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Python assignment loop

P: n/a
i need to do something like this:

###
import wx
x=number
for i in range(500):
"var"+str(i)=ClassXYZ(...,x+i,...)

#.... code
y=number
for i in range(y):
ClassAAAA(object_called_by_the_string("var"+str(i) ),...)

###
i can't figure out how to do this, and could not find it on the web.
c.
May 21 '07 #1
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3 Replies


P: n/a
On May 20, 10:33 pm, "Silver Rock" <silverfrequ...@gmail.comwrote:
i need to do something like this:

###
import wx
x=number
for i in range(500):
"var"+str(i)=ClassXYZ(...,x+i,...)

#.... code
y=number
for i in range(y):
ClassAAAA(object_called_by_the_string("var"+str(i) ),...)

###
i can't figure out how to do this, and could not find it on the web.
c.
Whenever you are tempted to create dynamically variables names, 99% of
the time what you really want is a data structure, typically a dict or
a list. In your example, a list will do:

x=number
xyz_objects = [ClassXYZ(...,x+i,...) for i in xrange(500)]
#.... code
y=number
aaaa_objects = [ClassAAAA(object_called_by_the_string(xyz,...)
for xyz in xyz_objects[:y]]

If you can't figure out what this does, lookup for "list
comprehensions". By the way, I hope these were shortened examples and
you're not actually using names such as 'ClassAAAA' or 'ClassXYZ' in
your actual code...

George

May 21 '07 #2

P: n/a
On 20 May 2007 20:21:52 -0700, George Sakkis <ge***********@gmail.comwrote:
On May 20, 10:33 pm, "Silver Rock" <silverfrequ...@gmail.comwrote:
i need to do something like this:

###
import wx
x=number
for i in range(500):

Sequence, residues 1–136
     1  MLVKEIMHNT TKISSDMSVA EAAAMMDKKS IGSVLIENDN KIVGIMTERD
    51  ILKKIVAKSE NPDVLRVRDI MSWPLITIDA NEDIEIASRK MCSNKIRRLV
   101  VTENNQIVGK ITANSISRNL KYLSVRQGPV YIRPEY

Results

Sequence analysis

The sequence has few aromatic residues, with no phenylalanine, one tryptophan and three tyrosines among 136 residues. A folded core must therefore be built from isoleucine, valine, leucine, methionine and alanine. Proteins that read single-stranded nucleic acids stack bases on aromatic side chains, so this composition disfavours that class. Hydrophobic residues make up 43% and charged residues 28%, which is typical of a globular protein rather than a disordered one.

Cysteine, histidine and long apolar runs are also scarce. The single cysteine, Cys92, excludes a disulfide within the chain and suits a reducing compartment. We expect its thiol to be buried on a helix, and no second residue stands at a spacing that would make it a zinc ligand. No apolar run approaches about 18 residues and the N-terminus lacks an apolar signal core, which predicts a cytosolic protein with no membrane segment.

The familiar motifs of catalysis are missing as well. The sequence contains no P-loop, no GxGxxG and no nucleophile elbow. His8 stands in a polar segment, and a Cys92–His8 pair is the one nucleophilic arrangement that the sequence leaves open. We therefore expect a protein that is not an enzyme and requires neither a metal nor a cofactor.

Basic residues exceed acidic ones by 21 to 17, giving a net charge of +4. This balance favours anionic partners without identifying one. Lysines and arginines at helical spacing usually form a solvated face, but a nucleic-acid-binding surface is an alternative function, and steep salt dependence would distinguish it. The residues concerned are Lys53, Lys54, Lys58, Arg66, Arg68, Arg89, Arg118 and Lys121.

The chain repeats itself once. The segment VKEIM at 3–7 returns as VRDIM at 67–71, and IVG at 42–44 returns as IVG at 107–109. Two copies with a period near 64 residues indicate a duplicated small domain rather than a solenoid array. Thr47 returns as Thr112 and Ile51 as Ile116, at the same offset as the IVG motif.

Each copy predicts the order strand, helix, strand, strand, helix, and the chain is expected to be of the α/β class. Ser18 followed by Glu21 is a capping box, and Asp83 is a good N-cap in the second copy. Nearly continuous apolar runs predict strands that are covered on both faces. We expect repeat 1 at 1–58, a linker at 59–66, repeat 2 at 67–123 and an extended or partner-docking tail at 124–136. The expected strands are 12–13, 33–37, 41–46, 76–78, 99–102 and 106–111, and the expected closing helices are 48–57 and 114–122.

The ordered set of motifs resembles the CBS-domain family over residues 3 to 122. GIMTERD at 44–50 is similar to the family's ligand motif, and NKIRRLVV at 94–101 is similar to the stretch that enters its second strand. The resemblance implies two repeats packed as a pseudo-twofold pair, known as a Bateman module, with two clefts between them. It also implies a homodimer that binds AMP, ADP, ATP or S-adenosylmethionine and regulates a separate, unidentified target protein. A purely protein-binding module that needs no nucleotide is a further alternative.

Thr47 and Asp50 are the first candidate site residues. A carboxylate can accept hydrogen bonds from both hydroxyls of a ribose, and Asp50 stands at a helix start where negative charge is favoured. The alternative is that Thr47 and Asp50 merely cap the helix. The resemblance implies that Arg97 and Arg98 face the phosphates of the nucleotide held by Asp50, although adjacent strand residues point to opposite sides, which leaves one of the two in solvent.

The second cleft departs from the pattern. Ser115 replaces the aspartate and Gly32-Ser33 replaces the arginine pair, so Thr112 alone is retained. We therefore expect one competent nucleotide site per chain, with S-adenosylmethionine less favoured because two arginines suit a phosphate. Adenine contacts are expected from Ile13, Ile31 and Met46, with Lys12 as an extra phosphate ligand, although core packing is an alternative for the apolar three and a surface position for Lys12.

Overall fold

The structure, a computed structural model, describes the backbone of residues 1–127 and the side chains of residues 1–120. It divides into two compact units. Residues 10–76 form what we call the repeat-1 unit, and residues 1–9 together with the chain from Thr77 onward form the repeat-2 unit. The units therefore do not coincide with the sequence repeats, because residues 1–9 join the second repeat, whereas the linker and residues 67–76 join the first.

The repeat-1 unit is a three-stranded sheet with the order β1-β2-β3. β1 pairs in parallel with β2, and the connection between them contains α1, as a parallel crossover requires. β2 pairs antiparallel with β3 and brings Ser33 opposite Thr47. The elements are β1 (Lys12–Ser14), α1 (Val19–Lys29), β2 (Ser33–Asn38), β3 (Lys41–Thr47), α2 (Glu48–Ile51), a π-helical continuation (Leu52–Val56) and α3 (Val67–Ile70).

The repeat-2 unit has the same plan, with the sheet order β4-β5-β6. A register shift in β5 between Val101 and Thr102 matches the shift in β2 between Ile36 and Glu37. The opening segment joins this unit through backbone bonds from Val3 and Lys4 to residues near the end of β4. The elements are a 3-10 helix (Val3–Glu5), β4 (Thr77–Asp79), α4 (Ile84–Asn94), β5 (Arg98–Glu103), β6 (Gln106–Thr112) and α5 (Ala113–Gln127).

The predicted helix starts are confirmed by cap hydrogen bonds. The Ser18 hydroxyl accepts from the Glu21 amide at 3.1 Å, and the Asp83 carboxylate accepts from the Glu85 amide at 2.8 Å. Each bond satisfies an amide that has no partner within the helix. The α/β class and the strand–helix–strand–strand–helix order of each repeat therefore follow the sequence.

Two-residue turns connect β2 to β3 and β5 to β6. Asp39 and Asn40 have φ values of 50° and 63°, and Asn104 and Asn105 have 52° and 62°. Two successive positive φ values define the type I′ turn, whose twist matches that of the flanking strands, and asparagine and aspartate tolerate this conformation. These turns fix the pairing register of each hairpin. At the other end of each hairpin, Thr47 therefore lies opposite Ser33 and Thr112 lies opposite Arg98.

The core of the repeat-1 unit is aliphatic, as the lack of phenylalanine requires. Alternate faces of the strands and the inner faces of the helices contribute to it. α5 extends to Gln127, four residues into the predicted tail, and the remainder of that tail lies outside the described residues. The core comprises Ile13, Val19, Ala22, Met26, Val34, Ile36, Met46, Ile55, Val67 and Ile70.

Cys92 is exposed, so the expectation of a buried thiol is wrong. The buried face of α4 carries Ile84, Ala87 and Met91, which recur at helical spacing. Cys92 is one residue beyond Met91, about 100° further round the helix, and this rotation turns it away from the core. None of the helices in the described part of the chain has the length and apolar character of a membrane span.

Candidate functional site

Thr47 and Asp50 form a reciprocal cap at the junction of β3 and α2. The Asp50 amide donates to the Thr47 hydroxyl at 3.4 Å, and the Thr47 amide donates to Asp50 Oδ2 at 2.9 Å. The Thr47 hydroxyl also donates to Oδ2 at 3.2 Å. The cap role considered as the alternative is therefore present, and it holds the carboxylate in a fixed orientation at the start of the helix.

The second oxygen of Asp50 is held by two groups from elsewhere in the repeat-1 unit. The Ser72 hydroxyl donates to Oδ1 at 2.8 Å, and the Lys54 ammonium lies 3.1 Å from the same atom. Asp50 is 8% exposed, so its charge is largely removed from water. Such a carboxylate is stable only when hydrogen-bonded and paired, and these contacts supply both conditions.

"var"+str(i)=ClassXYZ(...,x+i,...)

#.... code
y=number
for i in range(y):
ClassAAAA(object_called_by_the_string("var"+str(i) ),...)

###
i can't figure out how to do this, and could not find it on the web.
c.

Whenever you are tempted to create dynamically variables names, 99% of
the time what you really want is a data structure, typically a dict or
a list. In your example, a list will do:

x=number
xyz_objects = [ClassXYZ(...,x+i,...) for i in xrange(500)]
#.... code
y=number
aaaa_objects = [ClassAAAA(object_called_by_the_string(xyz,...)
for xyz in xyz_objects[:y]]

If you can't figure out what this does, lookup for "list
comprehensions". By the way, I hope these were shortened examples and
you're not actually using names such as 'ClassAAAA' or 'ClassXYZ' in
your actual code...

George

--
http://mail.python.org/mailman/listinfo/python-list
hi George,

thanks for your help.

yes, that is the way I a solving the problem. using lists. so it seems
that there is no way around it then..

cheers, i am not using ClassAAAA or ClassXYZ in my code :-)
May 21 '07 #3

P: n/a
On May 21, 8:12 am, "Silver Rock" <silverfrequ...@gmail.comwrote:
yes, that is the way I a solving the problem. using lists. so it seems
that there is no way around it then..
There's at least one way to do it that I can think of straight away:

selfmodule = __import__(__name__, None, None, (None,))
setattr(selfmodule, "varname", value)

But I can't say it's anywhere near elegant.

May 21 '07 #4

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